Wow. I haven't done a book review on this blog in over two years.
Normally, the only book-length material I read nowadays is fiction. I watch the news on a near-daily basis, which is depressing enough, without delving into the depths of how bad things really are.
First of all, the title is a misnomer. The book is about equally devoted to Hamas
as it is to the Islamic State
(aka "ISIS," "ISIL"). The authors justify this by comparing Hamas' actions against Israel with ISIS's actions against, well, just about everyone else.
The book itself is derived from a study Mr. Sekulow and his team conducted for the University of Oxford. As a result, the book's first several pages retain an "academese" style of writing. That is, books written for academics, by academics, often have a lengthy, explanatory preamble: "This is a study on the (insert topic), and it's effect on (whoever/whatever). First we will discuss (this), then we will examine (that), and we'll conclude with (another thing)."
Fortunately--and unlike most academics-for-academics books--once you get past the introduction, Rise of ISIS, is a quick and easy read. I finished it in two days--and I'm a slow reader.
Oh, there are some graphic narratives, based on after-action reviews, official reports, and survivor testimonies we hadn't heard of because they didn't make into nightly newscasts. But to many of us who're aware of ISIS's modus operandi already know it's part of the mosaic of brutality they've painted across Syria and Iraq.
In each anecdote of atrocity, the authors illustrate ISIS's (and Hamas's) use of protected sites, like schools and hospitals, for military purposes; along with using civilians as human shields. So when inevitable civilian casualties are inflicted, America (and Israel) are blamed. Once again, this isn't new to any of us who're keeping tabs on our jihadist enemies.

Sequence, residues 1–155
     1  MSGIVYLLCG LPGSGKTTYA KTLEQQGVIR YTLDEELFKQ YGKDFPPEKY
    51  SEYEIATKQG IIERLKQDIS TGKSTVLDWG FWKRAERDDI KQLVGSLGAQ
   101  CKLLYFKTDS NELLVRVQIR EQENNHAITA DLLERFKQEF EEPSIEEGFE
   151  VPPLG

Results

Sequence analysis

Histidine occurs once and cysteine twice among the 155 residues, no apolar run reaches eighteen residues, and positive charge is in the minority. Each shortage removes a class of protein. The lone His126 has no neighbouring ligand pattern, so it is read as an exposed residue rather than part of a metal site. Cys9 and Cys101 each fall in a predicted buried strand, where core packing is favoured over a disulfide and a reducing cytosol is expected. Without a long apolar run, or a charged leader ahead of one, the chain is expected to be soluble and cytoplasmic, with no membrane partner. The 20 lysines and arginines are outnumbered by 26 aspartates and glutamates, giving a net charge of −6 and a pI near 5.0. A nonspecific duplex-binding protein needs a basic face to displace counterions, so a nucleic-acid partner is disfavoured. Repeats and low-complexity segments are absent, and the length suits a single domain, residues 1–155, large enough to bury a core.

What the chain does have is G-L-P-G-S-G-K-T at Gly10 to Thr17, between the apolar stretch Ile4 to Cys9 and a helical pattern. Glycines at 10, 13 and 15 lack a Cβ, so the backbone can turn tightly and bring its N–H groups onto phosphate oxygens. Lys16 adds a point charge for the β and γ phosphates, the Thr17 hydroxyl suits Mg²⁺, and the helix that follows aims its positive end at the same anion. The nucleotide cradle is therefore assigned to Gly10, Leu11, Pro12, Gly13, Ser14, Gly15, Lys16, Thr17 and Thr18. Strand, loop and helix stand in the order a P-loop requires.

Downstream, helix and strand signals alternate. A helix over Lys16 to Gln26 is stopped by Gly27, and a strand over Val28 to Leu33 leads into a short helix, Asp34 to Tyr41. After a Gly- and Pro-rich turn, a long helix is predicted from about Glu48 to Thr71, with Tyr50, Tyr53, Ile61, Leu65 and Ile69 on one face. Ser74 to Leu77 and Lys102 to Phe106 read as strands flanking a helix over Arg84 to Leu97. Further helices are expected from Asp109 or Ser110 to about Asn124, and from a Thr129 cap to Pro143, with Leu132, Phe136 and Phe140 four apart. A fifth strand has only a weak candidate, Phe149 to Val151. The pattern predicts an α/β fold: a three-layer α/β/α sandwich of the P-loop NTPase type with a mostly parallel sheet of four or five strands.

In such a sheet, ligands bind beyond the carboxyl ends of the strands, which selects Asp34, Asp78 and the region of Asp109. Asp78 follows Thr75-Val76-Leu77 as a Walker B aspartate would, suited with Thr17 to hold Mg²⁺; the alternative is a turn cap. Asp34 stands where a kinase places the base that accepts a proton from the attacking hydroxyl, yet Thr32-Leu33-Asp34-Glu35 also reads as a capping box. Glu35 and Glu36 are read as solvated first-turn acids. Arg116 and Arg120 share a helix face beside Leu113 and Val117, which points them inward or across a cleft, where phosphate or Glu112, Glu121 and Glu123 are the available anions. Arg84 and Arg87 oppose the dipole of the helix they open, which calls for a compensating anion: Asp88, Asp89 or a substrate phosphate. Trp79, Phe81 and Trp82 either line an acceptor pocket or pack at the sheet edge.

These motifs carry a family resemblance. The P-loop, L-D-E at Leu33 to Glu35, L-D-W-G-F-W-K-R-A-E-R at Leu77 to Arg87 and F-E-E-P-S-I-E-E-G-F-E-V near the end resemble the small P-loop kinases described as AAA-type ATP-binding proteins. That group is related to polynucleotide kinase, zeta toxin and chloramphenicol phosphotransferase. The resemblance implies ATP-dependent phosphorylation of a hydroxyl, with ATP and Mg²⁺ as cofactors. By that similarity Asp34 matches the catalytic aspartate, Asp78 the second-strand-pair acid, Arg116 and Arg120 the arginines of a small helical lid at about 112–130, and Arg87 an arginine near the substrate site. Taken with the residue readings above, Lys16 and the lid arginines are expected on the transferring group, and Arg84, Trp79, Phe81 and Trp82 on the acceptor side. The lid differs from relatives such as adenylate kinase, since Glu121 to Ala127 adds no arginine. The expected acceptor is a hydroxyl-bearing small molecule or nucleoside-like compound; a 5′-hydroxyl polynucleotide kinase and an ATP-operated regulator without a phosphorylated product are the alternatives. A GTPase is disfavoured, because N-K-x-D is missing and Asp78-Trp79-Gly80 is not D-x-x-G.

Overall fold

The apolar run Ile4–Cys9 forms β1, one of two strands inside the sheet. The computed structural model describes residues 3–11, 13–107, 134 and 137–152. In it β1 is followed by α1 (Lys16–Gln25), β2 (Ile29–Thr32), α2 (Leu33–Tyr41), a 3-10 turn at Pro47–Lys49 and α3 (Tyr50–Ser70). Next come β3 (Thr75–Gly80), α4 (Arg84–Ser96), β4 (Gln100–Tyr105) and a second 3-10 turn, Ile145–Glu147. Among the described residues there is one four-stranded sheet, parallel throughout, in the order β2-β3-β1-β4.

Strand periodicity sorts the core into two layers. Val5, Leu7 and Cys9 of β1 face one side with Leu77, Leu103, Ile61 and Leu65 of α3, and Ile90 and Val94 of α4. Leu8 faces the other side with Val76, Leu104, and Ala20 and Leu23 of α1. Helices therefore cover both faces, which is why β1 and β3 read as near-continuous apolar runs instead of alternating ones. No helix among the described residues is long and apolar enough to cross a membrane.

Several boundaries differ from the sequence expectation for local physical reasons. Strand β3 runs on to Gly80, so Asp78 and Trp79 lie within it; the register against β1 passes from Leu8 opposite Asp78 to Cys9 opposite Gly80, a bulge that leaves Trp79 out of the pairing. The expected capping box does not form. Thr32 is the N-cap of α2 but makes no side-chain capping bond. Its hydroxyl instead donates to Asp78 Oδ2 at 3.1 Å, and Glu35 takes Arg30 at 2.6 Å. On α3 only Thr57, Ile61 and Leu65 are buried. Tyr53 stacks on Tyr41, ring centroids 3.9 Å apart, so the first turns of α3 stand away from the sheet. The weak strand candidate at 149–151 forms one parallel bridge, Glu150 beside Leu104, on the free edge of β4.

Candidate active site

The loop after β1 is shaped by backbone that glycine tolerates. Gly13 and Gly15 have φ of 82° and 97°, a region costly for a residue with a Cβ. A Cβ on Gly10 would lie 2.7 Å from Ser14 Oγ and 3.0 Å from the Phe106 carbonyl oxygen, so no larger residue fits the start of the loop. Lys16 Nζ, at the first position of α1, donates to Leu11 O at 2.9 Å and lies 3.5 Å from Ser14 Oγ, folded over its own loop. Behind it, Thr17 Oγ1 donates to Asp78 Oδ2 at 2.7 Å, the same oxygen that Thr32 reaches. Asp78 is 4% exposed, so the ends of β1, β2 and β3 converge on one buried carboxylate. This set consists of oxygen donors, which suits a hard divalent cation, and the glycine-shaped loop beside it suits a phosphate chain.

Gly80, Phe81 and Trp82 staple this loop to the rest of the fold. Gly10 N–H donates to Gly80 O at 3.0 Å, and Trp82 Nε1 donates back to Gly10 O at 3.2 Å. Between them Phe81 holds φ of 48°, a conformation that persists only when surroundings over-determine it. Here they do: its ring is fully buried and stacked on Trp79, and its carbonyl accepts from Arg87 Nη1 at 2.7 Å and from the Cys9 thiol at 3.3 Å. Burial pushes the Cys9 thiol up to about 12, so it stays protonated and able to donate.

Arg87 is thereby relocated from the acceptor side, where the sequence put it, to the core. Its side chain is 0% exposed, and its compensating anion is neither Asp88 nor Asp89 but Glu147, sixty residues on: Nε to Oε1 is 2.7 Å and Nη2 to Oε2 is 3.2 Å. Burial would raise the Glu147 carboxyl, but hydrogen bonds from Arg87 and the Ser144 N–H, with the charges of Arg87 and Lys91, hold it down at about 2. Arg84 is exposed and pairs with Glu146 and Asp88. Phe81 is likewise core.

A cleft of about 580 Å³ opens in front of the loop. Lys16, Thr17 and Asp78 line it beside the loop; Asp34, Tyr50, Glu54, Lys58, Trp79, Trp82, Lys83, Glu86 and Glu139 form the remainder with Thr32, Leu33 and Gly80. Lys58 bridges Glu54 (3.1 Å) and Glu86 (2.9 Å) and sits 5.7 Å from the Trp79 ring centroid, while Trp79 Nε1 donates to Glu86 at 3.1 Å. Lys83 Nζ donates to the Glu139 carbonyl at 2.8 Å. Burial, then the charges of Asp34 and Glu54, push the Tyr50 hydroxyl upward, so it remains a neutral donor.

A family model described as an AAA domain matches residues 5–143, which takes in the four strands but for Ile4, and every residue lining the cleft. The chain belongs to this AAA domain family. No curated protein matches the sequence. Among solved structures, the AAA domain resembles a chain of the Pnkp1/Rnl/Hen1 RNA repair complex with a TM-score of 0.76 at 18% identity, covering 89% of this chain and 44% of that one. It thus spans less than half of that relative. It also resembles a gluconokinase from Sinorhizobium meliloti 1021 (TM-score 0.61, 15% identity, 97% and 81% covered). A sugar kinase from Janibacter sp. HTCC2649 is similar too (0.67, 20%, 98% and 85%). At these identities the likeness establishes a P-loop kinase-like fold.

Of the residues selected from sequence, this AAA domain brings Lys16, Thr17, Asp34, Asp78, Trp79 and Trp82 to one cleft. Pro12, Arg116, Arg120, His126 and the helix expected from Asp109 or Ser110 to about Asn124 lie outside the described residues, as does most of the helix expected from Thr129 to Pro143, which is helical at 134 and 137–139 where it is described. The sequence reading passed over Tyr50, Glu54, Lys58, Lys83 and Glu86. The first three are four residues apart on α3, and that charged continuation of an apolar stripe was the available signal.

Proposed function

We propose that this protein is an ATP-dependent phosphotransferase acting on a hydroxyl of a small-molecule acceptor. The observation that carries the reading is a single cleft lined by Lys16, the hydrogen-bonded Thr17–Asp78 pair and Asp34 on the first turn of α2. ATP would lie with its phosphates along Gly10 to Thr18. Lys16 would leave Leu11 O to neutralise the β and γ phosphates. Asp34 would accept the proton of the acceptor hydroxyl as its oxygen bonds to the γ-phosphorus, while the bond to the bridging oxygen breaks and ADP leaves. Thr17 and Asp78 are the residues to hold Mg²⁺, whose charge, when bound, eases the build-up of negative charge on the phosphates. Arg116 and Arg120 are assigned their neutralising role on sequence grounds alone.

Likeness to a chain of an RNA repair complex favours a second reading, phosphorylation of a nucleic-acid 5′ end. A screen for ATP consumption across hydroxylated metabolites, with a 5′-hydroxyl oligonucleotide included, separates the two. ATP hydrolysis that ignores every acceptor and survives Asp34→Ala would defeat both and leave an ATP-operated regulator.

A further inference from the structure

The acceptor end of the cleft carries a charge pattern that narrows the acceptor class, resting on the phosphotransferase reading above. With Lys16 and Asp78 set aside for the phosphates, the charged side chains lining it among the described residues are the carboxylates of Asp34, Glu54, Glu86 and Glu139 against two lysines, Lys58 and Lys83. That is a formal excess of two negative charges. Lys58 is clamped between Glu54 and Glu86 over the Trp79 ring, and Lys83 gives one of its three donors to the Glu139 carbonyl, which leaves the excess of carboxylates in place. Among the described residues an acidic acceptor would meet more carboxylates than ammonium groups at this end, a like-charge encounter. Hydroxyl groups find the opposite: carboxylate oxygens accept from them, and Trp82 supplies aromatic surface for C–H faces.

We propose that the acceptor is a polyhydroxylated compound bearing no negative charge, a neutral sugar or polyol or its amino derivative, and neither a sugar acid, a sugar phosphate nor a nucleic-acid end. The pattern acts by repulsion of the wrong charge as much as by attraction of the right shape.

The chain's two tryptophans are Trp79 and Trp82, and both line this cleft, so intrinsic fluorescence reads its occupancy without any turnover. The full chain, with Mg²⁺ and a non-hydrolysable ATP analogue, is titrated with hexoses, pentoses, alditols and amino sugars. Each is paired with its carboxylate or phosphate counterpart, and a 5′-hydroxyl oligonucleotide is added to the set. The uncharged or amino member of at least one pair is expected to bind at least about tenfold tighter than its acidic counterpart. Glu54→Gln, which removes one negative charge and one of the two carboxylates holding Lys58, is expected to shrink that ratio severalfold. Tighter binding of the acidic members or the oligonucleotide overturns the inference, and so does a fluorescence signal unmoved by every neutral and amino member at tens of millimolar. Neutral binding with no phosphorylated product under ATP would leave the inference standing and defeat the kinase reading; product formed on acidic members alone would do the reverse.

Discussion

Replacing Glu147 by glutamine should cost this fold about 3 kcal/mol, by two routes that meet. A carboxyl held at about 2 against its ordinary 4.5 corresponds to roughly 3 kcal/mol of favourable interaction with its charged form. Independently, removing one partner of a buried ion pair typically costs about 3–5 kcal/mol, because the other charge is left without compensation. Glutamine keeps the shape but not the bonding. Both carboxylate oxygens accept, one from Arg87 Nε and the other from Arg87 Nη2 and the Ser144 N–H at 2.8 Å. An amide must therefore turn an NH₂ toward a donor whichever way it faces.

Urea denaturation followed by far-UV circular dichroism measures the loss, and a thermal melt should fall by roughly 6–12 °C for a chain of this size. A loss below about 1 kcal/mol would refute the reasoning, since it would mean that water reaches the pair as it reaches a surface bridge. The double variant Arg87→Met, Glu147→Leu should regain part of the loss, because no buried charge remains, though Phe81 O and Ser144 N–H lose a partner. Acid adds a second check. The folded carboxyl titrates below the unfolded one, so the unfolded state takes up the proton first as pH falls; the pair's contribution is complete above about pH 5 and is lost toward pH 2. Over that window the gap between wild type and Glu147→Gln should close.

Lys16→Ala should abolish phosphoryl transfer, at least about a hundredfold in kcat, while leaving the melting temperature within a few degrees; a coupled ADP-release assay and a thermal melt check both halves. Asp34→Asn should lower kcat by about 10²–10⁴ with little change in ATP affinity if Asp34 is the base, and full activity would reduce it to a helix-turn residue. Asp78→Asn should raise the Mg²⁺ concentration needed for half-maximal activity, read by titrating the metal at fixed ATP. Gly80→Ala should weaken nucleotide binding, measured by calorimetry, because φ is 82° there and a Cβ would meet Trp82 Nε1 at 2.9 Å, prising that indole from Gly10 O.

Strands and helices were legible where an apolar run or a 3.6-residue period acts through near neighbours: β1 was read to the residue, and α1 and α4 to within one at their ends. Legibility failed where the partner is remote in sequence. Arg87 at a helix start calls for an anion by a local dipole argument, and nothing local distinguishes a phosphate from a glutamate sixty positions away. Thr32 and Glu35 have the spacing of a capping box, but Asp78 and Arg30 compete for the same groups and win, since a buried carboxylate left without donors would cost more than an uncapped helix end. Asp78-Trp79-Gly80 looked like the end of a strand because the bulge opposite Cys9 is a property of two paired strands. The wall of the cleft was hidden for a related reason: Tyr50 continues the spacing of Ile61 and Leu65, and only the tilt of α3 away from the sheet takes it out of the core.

In short: Rise of ISIS is a good beginners guide for anyone willing to learn about two of the world's most notorious terrorist organizations.
This willingness to learn is crucial if you're going to give Rise of ISIS to a novice on middle eastern affairs. About 20% of the reviews currently on Amazon.com are 3-stars, or less range: 25 x 3-stars, 25 x 2-stars and 40 x 1-stars.
However, the other 80% of readers did praise the book: 408 x 5-stars and 46 x 4-star reviews.
I haven't read a book--in either fiction or non-fiction--that has so many 5 & 1-star reviews piled on it.
I suspect a considerable number these are partisan-based. So you might want to verify someone's political/social leanings before handing Rise of ISIS off to someone.
The authors' conclusion drew the ire of some of the 1 & 2 star raters: That the minions of ISIS (and Hamas) are fanatical jihadists that cannot be appeased and can only be dealt with by force.
I'm one of the readers who liked the book and agree with the authors' conclusion.
However, while Rise of ISIS appears to be well researched, it's only enough for me to give it a 3-star rating. If the stories of ISIS's (and Hamas's) violence and brutality were new to me, I'd give it a 4-star rating. And if the authors focused on ISIS, instead of diverting readers' attention to Hamas, then the book would certainly deserve an additional 5th star.